5 April 2011
Q. I have just started work in a new practice where I have been asked to treat a number of patients who are unhappy about treatment provided by a dentist who has since left. Is it legally possible to refuse NHS treatment, if I feel that the patient is likely to complain in the future and so involve me in the complaint about a failed treatment that I did not provide?
Problems of this nature are always worrying, particularly if you feel that the circumstances are outside of your control. We do not know why your previous colleague left the practice, but if it was as a result of concerns raised by the practice as a whole, then it may well mean that you will find that there will be a considerable number of complaints and you will be asked to ‘pick up the pieces’.
Complaints about a previous practitioner should not influence the treatment you provide for a patient, as at all times you would be required to act in their best interest. If, in your clinical opinion, the patient requires a particular item of treatment, it is important that such treatment is provided for that patient.
Before undertaking that treatment it is important that you explain the situation very carefully to the patient without necessarily being critical of your colleague. That can be difficult, particularly if the error seems quite profound. If the patient does question you and perhaps presses you to make an observation, it is a question of explaining to the patient your findings and indicating that it would be difficult (and in some cases inappropriate) for you to comment on any previous treatment that had been done, for the simple reasons that you did not know the circumstances that prevailed at that time.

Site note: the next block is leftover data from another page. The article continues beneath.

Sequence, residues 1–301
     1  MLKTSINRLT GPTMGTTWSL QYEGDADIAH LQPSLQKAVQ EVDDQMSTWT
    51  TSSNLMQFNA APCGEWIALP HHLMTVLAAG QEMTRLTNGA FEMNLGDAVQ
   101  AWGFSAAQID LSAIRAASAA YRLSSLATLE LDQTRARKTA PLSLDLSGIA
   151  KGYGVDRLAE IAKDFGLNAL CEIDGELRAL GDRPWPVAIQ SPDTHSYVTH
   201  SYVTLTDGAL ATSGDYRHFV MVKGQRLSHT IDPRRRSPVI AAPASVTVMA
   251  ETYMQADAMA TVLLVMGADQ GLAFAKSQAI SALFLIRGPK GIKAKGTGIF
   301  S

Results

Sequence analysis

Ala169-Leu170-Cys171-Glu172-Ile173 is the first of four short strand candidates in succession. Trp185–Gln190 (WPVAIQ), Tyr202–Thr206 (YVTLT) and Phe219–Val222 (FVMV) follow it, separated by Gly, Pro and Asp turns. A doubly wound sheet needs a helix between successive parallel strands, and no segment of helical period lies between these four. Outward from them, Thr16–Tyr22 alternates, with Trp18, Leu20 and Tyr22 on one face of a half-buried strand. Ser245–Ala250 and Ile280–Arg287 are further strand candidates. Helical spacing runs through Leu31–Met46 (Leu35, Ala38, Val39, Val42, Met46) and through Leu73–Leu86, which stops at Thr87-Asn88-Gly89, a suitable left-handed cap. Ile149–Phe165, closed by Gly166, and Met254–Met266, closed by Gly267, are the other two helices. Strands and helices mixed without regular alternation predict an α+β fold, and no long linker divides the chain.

As for refusing to provide treatment to a patient who might complain about you in the future, then again you should be careful. Patients do have a right to complain and they should not be penalised for doing so. If you refuse to provide treatment to this patient simply on the basis that they may complain about you then you will probably find that they will indeed make a complaint to the PCT or the General Dental Council. You would then have to explain why you had discriminated against them.
Providing that you are acting in the patient’s best interests at all times and can justify the treatment plan you have put forward, then there should be little difficulty. It would be sensible to ensure that your dental records are good and that appropriate radiographs and photographs are taken to help demonstrate that the treatment you are proposing is correct. Similarly, you should make sure that you explain the treatment (and the reasons for that treatment) very clearly to the patient and that s/he understands the treatment before you begin. If problems do occur (for whatever reasons) then again you should make sure that you explain the situation to the patient and ensure that they are fully aware of the circumstances. Avoiding complaints is often the matter of good communication and good record keeping.